Thursday, 24 November, 2022
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For Modi govt, health is not the focus, headlines are

Criticism, feedback and questions are a vital aspect of any thriving democracy, more so during an unprecedented crisis.

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It is not the pandemic that is of big concern to the Narendra Modi government. Publicity, press and projection are. Health is not the primary focus, headlines are. At a time when India is at war with a virulent second wave of Covid-19, Prime Minister Modi and his team are busy battling not the virus, but voices that seek to critique them, or as much as give them feedback.

From the health minister writing a nasty letter to a senior opposition leader and former prime minister, to the external affairs minister telling diplomats to counter ‘one-sided’ coverage of the pandemic in India by international press, to the Delhi Police making arrests for posters criticising the government’s vaccine policy — the ruling dispensation’s actions have reeked of a bullish behaviour, a tendency to completely dismiss any unflattering feedback. There appears to be a compulsive need to ‘manage’ headlines and image, the need to fight the pandemic be damned. All of this, of course, betrays a heavy sense of insecurity and intolerance.

Criticism, feedback and questions are a vital aspect of any thriving democracy, more so during an unprecedented crisis. Any government or leader with self-awareness, the ability to admit mistakes and course-correct, and having respect for diverse views would refrain from taking such a harsh and combative stand against critics.

Essentially, two things have defined the Modi government’s responses during the second Covid wave — a desperate attempt to whitewash its image and making offence your tool of choice.

It’s one thing not being able to tackle a crisis efficiently — a challenge any government can face, and many state governments, in fact, are facing it currently. But to brazenly defend your inefficiency by launching an offensive against your critics is quite another matter. The PM doesn’t have the stomach to take criticism, a long way from what he had said in Kolhapur in 2015, that he misses criticism. 

Also read: A top Army doctor transferred in middle of pandemic says a lot about India’s civil-military ties

The combative stance

That the Modi government’s handling of the second wave of the pandemic has been abysmal is hardly a secret. And that its vaccination programme has been a letdown is also hard to refute.

But these failings on part of a government, though a reflection of inefficiencies, inexperience in the ranks and a lack of control over the situation, are not unusual. Delhi Chief Minister Arvind Kejriwal, for instance, has also struggled to keep the national capital afloat in both waves of the pandemic.

What, however, is most unforgivable about the Modi government is its misplaced sense of priorities — of managing public perception, as well as its reaction to anybody who has a piece of advice.

Consider these.

A former prime minister, who is known for his intellect and academic achievements, writes to you with well-meaning advice. But the health minister of the country, otherwise mild-mannered and congenial, ends up responding with a nasty letter written in a politically caustic tone. The reference, of course, being the Manmohan Singh-Harsh Vardhan exchange.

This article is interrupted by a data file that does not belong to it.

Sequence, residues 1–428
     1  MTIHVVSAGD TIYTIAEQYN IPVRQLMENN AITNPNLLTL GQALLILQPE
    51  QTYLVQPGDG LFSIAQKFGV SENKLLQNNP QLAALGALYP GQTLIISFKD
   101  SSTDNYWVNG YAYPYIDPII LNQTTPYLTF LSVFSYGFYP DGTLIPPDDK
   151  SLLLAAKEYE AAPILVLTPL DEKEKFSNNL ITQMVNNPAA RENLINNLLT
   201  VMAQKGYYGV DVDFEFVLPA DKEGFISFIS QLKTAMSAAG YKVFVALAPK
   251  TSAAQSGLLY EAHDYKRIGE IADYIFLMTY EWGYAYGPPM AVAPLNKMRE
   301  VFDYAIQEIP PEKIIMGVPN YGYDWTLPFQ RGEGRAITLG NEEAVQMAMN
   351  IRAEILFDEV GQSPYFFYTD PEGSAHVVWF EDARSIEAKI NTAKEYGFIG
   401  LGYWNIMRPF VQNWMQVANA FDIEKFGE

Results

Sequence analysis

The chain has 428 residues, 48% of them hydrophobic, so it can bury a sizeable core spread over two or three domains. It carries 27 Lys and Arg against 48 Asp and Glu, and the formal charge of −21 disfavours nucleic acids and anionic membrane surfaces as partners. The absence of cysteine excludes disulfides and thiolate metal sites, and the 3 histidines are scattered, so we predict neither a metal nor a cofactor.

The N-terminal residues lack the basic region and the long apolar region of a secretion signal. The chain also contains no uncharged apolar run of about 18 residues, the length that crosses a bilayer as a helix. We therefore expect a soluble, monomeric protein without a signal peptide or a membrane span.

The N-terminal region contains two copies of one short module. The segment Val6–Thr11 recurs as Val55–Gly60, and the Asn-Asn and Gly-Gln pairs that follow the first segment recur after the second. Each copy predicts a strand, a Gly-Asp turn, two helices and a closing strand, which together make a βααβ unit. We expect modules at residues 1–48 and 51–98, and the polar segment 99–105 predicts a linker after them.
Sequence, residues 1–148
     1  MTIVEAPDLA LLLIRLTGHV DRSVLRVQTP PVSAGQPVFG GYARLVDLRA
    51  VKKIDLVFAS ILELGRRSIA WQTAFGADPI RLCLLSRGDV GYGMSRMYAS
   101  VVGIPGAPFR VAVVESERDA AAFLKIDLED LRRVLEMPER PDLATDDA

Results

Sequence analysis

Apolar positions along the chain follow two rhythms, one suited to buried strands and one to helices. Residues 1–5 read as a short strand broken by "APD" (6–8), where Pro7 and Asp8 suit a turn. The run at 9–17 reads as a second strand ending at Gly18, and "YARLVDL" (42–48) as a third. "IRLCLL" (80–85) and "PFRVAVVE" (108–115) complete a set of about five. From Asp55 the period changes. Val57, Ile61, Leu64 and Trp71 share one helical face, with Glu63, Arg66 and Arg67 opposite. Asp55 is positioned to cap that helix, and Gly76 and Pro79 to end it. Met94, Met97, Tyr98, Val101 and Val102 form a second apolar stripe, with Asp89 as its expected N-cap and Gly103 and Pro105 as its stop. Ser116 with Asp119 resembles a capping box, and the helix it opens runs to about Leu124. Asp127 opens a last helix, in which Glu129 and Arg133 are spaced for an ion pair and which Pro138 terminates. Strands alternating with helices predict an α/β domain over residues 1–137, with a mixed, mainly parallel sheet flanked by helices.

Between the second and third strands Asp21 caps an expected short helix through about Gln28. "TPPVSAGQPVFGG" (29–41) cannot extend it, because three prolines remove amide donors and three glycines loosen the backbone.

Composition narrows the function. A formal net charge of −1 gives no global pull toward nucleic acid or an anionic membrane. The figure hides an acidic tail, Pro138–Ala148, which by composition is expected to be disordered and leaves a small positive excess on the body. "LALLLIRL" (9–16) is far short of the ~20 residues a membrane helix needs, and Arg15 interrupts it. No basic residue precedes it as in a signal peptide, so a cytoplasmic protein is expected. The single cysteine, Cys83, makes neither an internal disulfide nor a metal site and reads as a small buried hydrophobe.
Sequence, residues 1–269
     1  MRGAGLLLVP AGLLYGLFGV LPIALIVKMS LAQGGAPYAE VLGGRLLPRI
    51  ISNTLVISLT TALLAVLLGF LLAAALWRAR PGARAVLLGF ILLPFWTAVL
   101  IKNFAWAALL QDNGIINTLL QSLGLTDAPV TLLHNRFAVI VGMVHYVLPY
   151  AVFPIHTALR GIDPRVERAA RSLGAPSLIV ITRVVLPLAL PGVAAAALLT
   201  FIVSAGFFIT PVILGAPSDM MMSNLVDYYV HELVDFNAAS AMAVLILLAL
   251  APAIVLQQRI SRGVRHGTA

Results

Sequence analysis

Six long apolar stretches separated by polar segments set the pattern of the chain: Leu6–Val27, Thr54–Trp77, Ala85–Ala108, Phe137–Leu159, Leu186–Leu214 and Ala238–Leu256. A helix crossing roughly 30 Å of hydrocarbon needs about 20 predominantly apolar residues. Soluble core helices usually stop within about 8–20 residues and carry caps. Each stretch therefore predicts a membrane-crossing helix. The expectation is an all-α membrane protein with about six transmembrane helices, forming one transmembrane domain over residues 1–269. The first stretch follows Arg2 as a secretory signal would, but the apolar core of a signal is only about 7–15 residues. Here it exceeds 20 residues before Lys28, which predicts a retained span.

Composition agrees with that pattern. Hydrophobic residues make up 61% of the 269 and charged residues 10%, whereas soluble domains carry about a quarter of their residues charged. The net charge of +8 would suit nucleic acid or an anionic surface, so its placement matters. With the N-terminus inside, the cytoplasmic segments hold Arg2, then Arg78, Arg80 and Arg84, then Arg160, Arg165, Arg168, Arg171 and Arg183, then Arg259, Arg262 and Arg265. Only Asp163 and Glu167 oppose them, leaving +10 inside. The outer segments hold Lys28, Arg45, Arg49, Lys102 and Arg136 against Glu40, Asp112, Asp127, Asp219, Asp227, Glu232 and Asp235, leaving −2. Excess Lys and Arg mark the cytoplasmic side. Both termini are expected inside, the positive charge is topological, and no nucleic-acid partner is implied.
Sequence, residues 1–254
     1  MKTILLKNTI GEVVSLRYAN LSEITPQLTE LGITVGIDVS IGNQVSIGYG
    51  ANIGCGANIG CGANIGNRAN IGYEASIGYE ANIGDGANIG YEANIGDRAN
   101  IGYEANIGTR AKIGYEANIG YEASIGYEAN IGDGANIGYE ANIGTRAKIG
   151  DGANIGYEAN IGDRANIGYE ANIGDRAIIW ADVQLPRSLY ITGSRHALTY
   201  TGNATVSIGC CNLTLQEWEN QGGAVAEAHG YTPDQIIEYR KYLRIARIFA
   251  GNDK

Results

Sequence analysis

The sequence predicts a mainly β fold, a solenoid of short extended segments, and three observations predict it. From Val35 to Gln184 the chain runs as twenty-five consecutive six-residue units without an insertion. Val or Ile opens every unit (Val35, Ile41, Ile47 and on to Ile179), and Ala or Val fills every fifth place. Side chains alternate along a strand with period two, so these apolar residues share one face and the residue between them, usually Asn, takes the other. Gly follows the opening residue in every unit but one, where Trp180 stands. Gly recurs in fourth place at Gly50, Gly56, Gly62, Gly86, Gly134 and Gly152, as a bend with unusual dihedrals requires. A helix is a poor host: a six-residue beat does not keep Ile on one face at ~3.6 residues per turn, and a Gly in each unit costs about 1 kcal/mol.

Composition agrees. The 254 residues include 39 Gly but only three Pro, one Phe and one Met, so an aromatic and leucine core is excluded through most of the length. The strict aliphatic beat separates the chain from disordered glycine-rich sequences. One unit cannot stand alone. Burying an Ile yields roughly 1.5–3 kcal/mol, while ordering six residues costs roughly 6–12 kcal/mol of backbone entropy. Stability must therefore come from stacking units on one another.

When the Congress Working Committee criticises the government for mismanagement of the pandemic, the Bharatiya Janata Party (BJP) president promptly shoots off a letter to Sonia Gandhi, accusing her party of creating ‘false panic’.

The external affairs minister, S. Jaishankar, gets into a Twitter spat with Congress leader Jairam Ramesh over oxygen supply to foreign embassies.

And when you see posters in the national capital attacking the government’s vaccine policy, you set off Delhi Police to make multiple arrests. These are not just excessive measures, but inexcusably vicious and outlandish reactions at a time when working together with everyone should be the government’s push.

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The perception management

The Information and Broadcasting ministry has been holding a chain of high-level meetings to counter bad press and work out the messaging to ensure that the government’s image isn’t dented. Never mind that the meetings should be happening in the health ministry to discuss what next on handling the pandemic, and on stepping up the vaccine game.

External Affairs Minister S. Jaishankar is busy telling diplomats how to counter negative foreign media coverage. And BJP leaders and an IT cell working overtime are making full use of social media to counter criticism, brush things under the carpet and ensure the vikas purush PM’s image isn’t dented.

The Narendra Modi-led BJP has always been about image management and creating larger-than-life situations. To be fair, politics is a game of perception and the ability to sell your point effectively. But there’s something extremely ruthless, perturbing and, frankly, immature about just being focussed on making yourself look good, and your enemies look bad, when the people of your country are going through a crisis of such magnitude.

When all this ends and history looks back at this phase, it isn’t the Modi government’s poor management of the Covid-19 crisis that will stand out. It is this government’s selfish and blinkered response that will be the blot. Brave women and men are not the ones that don’t make mistakes. They’re the ones who accept their mistakes, don’t try to whitewash them, and show the grace to allow others to point them out. 

Views are personal.

(Edited by Anurag Chaubey)

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